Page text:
Thursday, November 6, 2008

Cranberries Grand Mariner with Crystallized Ginger

Ahh ... cranberries ... the jewel of the holiday season. I buy at least a dozen bags of fresh cranberries beyond what I use during the winter holidays. Properly stored in heavy duty freezer bags, fresh cranberries keep for up to a year. I can make Cranberry Upside Down Cake (recipe is on this blog); Cranberry Chutney, Cranberry Quick Bread, Cranberry Catsup, Cranberry Apple Pie, and Roast Pork with Cranberries throughout the year. When the freezer gets bare midwinter, those scarlet berries seem as valuable as bags of rubies. I'll be putting more cranberry recipes on this site in the weeks to come - but I'll start with this easy twist on Classic Cranberry Sauce. This is a large recipe - enough for a crowd with plenty for next-day Thanksgiving leftovers.


2-12 ounce bags fresh cranberries (direct from freezer is fine)
1-1/2 cups water
1-3/4 cups sugar, superfine preferred
1/2 cup Grand Marinier, Cointreau, or Grand Gala liqueur
Zest of one large lemon (colored part only)
Zest of one large orange (colored part only)
4 tablespoons finely chopped crystallized ginger (found in the spice section)
1/4 teaspoon noniodized salt

Give the cranberries a quick rinse with a colander and pick out any stems or shriveled berries. Combine sugar, water, and liqueur in a large saucepan. Bring to a boil and add the cranberries, lemon and orange zest, ginger and salt. Return to a boil. Reduce the heat and simmer for ten minutes, stirring occasionally. Cover and cool to to room temperature. Divide into two serving bowls and refrigerate until serving time.

Monday, November 3, 2008

Make Room at Your Thanksgiving Table

My mother believed that no one should be alone during the holidays, especially Thanksgiving Day, Christmas Eve, and Christmas Day. From the time she and my father were first married, she established a tradition of extending invitations to those who had no where to go on any given holiday. Consequently, we always had a diverse and colorful crowd at the table! Once, when I was a child, there was an unfamiliar woman sitting across from us. My brother asked if I knew who she was. I said, "mom met her at the pharmacy while getting a prescription filled." He said, "do we know her?". I replied, "well, we do now!".

One year, when my mom was in her late sixties, she invited more than 40 people for Thanksgiving dinner. I should mention that she lived in a one-bedroom condo, albeit with a formal dining room. I said, "where in Heaven's name are you going to seat these people?" She said, "you worry too much! We'll borrow chairs and tables and put some people in the living room and foyer and set up a long table in the entrance hall!" "Across from the elevator?" "Sure, that way if they're late they can step off the elevator and go directly into a chair!" "Uh, mom, how are you going to feed all these people?" "Stop worrying! Charlotte and Rose (the neighbors across the hall) have a commercial stove and two wall ovens. We'll have two turkeys. It's all arranged!" She managed 38 at tables and I went over and ate my dinner with the neighbors. My mom sat in a corner adjacent to the dining room table and close to the kitchen. There were only two condo units per floor - so both front doors were propped open and it became a two-condo flowing party. It was great! There was only one mishap. Mom had borrowed an extra bowl from Charlotte. It was a bowl that had reputedly once belonged to the Romanovs - Nicholas II used that bowl! It was worth a small fortune! Somehow, in carrying the mashed potatoes from the kitchen to the dining room, she dropped the bowl and it shattered. Mom felt terrible but Charlotte was a real sport. In Charlotte's mind, the greater sin would have been to be unforgiving or ungracious. "No sense crying over mashed potatoes!"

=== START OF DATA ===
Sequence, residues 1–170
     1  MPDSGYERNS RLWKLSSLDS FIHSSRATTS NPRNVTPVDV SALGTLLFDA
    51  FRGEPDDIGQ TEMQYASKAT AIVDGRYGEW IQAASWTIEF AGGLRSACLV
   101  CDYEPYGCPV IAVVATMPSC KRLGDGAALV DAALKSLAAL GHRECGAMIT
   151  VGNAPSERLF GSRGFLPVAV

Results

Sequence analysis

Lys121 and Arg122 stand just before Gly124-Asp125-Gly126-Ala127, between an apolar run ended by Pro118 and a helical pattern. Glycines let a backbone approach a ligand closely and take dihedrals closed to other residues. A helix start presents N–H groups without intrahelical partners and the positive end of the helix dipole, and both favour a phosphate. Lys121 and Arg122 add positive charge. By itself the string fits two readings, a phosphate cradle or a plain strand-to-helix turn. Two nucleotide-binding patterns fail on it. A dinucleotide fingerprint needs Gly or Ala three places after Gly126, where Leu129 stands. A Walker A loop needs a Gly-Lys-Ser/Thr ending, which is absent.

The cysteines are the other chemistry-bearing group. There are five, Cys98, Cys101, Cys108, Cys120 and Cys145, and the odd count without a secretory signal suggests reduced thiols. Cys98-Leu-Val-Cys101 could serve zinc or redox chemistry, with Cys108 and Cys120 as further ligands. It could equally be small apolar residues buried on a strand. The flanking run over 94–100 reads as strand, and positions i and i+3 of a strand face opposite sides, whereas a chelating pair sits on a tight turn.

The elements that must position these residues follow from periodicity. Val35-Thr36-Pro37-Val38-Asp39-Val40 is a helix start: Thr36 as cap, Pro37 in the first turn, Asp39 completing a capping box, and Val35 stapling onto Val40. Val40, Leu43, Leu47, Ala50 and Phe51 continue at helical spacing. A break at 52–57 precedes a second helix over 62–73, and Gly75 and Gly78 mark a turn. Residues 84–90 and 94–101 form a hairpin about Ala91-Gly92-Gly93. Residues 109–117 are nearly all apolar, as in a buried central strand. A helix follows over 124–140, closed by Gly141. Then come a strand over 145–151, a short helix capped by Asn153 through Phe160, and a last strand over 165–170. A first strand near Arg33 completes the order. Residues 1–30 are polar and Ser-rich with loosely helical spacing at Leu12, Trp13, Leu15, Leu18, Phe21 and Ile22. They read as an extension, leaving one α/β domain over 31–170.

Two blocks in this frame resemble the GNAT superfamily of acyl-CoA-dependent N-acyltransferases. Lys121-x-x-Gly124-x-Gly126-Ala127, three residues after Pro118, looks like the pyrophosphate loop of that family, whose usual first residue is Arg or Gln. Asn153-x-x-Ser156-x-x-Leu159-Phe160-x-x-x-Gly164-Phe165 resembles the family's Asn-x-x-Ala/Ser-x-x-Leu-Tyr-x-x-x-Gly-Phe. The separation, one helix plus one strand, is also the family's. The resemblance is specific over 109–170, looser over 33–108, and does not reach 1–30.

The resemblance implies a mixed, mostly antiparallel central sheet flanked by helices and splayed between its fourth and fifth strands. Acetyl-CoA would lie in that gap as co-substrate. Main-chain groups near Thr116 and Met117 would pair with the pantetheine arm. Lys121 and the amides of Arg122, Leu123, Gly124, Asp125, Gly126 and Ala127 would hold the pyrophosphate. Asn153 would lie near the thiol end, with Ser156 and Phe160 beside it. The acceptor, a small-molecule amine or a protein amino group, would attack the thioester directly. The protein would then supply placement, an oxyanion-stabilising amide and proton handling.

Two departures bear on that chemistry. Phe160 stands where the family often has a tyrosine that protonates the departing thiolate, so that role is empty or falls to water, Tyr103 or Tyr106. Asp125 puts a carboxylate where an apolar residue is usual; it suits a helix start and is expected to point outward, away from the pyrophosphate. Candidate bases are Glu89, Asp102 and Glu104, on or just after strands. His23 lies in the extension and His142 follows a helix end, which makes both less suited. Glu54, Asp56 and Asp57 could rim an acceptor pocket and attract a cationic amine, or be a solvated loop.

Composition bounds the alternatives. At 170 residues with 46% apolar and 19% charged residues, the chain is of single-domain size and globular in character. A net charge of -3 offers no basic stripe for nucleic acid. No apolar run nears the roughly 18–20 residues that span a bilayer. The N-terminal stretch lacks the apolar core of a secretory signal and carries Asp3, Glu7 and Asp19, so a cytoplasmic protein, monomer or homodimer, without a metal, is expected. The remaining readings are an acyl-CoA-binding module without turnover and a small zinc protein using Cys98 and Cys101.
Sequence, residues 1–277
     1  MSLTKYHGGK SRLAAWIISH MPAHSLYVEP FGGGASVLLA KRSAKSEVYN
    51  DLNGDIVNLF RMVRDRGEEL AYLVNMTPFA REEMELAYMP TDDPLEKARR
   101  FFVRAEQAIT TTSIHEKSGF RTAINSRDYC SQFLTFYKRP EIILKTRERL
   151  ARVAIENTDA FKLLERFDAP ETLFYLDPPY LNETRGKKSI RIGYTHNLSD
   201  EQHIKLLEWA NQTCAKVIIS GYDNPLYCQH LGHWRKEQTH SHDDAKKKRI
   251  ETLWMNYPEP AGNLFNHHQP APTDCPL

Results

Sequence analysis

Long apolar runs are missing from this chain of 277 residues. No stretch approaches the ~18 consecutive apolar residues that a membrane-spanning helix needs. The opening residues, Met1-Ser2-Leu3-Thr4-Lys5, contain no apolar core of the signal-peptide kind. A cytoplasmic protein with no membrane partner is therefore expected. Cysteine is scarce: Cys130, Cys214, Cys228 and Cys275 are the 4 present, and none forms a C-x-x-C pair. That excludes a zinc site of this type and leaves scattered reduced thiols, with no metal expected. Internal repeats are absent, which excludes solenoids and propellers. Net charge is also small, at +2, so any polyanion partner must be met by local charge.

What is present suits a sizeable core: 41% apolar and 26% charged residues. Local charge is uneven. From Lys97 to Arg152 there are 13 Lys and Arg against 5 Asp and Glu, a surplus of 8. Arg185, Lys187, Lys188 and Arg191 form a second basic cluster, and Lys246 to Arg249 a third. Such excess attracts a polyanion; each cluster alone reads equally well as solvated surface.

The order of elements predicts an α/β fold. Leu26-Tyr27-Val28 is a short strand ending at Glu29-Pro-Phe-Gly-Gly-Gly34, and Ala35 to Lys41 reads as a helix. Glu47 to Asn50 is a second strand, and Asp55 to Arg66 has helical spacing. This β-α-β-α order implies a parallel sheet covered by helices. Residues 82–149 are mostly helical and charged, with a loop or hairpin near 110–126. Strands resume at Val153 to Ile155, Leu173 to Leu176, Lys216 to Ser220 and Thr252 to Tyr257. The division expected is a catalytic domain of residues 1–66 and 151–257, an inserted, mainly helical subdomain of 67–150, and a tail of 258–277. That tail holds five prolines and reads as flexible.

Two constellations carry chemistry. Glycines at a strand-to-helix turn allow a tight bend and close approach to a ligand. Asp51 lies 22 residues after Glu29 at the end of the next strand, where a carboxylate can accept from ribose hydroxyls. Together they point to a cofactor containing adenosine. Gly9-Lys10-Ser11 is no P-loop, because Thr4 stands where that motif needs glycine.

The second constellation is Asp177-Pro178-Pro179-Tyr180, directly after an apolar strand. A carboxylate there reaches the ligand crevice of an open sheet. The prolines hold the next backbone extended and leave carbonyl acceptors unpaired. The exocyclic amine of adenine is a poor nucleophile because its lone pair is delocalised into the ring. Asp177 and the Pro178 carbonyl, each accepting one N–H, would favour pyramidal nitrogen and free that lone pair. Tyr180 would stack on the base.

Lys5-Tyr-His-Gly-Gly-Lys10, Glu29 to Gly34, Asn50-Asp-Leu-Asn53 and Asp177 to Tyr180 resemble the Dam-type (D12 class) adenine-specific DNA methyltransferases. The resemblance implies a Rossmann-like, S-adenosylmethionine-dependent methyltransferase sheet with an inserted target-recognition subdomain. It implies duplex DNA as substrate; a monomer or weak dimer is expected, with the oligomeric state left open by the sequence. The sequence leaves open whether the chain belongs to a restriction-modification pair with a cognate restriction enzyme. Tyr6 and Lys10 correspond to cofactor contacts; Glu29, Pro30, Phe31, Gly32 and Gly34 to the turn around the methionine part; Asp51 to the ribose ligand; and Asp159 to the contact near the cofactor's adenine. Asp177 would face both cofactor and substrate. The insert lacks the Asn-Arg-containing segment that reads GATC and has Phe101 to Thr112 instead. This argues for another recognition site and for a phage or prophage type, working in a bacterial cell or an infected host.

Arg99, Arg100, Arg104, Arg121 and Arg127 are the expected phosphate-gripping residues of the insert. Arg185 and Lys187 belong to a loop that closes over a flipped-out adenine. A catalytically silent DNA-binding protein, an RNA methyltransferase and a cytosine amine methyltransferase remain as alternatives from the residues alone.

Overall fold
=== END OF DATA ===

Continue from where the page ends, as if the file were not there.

When I was in college, my mom always encouraged me to bring a friend or two home for Thanksgiving dinner. When her grandchildren when off to college, they were likewise encouraged. The older mom got, the more liberal and tolerant she became. She didn't care about a person's sexual preference, color, or ethnic background. Jew, Bahá'í, Hindu or Atheist - you were always welcome at her table. It didn't matter if you were a bricklayer, physician, or postal worker, if you didn't have a place to go, mom would see to it that you were included.

This year, consider inviting someone new to your table. We often assume that people we know have a place to go on a holiday. I can assure you that this is often not the case. It could be a colleague or co-worker, a neighbor, a lady at church who recently lost her husband, or a college student from a foreign country. We've become an isolationist society, afraid to move out of our comfort zones. We're afraid to share our comforts too, as if we might somehow lose them in the process. Nonsense! Don't worry if you don't have enough chairs or dishes - make it work. Even Martha Stewart says that mixing and matching china is fashionable! Reach out to others - you'll have a wonderful time, it'll be good for the kids, and you'll make new friends.

Happy Thanksgiving!